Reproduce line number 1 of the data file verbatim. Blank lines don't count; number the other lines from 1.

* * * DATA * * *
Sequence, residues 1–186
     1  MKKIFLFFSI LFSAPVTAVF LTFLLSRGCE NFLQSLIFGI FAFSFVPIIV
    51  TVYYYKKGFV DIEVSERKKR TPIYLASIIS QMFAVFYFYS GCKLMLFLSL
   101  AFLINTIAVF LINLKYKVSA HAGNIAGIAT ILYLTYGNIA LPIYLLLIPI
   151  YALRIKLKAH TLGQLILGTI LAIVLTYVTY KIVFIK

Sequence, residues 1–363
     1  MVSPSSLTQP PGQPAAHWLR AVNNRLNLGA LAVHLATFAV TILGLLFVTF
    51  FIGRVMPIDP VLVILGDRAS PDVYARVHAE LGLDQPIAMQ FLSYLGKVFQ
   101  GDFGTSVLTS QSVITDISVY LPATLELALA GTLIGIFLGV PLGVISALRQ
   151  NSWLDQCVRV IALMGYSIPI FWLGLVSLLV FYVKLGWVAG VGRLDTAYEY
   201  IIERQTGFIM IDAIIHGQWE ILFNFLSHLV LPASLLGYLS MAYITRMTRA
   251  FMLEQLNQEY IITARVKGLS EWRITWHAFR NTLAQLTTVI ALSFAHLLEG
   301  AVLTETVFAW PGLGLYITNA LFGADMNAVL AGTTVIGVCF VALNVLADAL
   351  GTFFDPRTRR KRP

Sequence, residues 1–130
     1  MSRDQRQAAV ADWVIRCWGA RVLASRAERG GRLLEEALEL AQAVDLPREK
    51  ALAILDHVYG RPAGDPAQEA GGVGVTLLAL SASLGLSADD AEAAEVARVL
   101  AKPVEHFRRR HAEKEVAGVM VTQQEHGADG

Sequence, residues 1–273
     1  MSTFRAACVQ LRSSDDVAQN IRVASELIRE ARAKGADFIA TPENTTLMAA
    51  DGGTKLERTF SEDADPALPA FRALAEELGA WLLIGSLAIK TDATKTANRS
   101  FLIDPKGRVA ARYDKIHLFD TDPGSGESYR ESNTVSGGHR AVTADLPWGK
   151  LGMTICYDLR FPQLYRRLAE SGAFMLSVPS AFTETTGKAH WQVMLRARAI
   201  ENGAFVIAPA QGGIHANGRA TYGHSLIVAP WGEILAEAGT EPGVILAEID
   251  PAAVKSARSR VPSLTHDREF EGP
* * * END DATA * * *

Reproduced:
Sequence, residues 1–186